What is Civil Litigation?
Civil litigation is a formal judicial process whereby disputes between two parties are resolved through the court system. Each country has its own set of rules proscribed for the initiation, as well as the conclusion, of the civil litigation process. In the United States, there are formal and exhaustive rules of civil procedure that govern the conduct of litigation, from the initial stages up to and including a trial. Most jurisdictions in the United States have, over time, revised the rules of civil procedure, in whole or in part, to be in accord with the federal rules.
A party who initiates a civil action by filing a complaint in court is designated as a plaintiff. The party against whom the complaint is filed is called the defendant. The complaint is a plain statement that describes the dispute, and it usually contains a request for money damages. It must be served on the defendant by a sheriff or other individual authorized by law. Upon receipt, the defendant must answer the complaint within a specified period, which is usually 21 days after service.
After the defendant files his answer to the complaint, the discovery phase of the civil litigation process begins. The discovery rules are designed to help delineate the material issues in the dispute prior to trial, so that a trial is conducted on the merits of the case — and is free from undue surprises and theatrics. Discovery procedures are conducted under court supervision and allow the parties to exchange relevant documents, as well as take the depositions of other parties and witnesses. Once discovery is concluded, a pre-trial conference is usually scheduled by the court to resolve any outstanding issues. If settlement of the matter appears unlikely, this meeting may be used to schedule a date for trial.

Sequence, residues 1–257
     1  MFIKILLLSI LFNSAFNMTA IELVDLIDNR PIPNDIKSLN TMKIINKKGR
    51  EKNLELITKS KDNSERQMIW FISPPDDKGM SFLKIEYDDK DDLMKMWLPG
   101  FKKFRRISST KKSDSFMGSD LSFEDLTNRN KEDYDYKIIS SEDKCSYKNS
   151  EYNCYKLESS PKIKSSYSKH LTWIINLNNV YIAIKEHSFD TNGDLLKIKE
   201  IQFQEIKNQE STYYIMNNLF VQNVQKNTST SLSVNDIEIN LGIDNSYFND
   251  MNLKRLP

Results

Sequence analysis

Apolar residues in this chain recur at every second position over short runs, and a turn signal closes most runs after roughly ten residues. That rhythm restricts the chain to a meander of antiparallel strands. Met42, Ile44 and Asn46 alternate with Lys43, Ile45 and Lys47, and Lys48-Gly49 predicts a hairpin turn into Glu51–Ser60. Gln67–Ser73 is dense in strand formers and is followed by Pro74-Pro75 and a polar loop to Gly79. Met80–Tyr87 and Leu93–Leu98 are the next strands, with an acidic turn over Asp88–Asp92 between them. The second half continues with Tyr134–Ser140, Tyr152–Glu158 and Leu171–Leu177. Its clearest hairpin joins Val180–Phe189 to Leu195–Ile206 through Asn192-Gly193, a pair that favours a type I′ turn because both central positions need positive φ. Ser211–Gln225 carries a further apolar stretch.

In the United States, an integral aspect of the civil litigation process consists of making requests to the court for specific relief, the granting of which may shape, and have a determinative outcome of, the pending litigation. These motions may range from seeking to dismiss a complaint for failure to state a bona fide claim, to asking the court to compel a recalcitrant party to produce relevant documents in discovery. The legal standards for granting the specific relief requested are enumerated in detail in each of the applicable rules. Due to the fact that numerous motions can be made by either party prior to trial, the civil litigation process often can be protracted, costly, and vexatious.
This site is helpful about civil litigation. I am being sued.
Get yourself on the 419 plan, where you can be collecting those benefits, and not have to worry so much.
Suntan12 -I remember that case. I think that a lot of civil litigation cases involve product liability cases and wrongful death.
I know that a lot of these cases involve pharmaceutical companies.
This is why there are a lot of disclaimers during commercials of many of these new drugs that come out on the market.
While the drug works well for most, it may have a small percentage of users that have adverse reactions. For example, the acne drug Accutane was recalled due to thousands of pending civil litigation cases.
The company that sells Accutane, Roche has already paid out $33 million dollars because the drug has been linked to irritable bowel syndrome and many psychiatric conditions.
I just want to say that civil legal action can follow criminal proceedings. For example, after the OJ Simpson criminal trial, a civil trial was sought against him from the family of one of the victims.
Although Simpson was acquitted in the criminal case, he was found guilty in the civil case. The jury in a criminal case had to decide guilt beyond a reasonable doubt. However, in a civil case it standard for guilt is the preponderance of proof or more than 50% likely that the act took place.
This lower standard of proof allowed Simpson to receive a $30 million judgment against him.
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